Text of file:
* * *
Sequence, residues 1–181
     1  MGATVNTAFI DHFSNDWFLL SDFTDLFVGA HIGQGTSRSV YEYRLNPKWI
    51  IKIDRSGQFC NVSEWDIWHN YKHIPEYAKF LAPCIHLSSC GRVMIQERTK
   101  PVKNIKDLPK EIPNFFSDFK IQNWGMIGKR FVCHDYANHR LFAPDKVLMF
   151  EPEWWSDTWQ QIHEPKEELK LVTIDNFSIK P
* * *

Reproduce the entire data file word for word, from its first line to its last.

Sequence, residues 1–181
     1  MGATVNTAFI DHFSNDWFLL SDFTDLFVGA HIGQGTSRSV YEYRLNPKWI
    51  IKIDRSGQFC NVSEWDIWHN YKHIPEYAKF LAPCIHLSSC GRVMIQERTK
   101  PVKNIKDLPK EIPNFFSDFK IQNWGMIGKR FVCHDYANHR LFAPDKVLMF
   151  EPEWWSDTWQ QIHEPKEELK LVTIDNFSIK P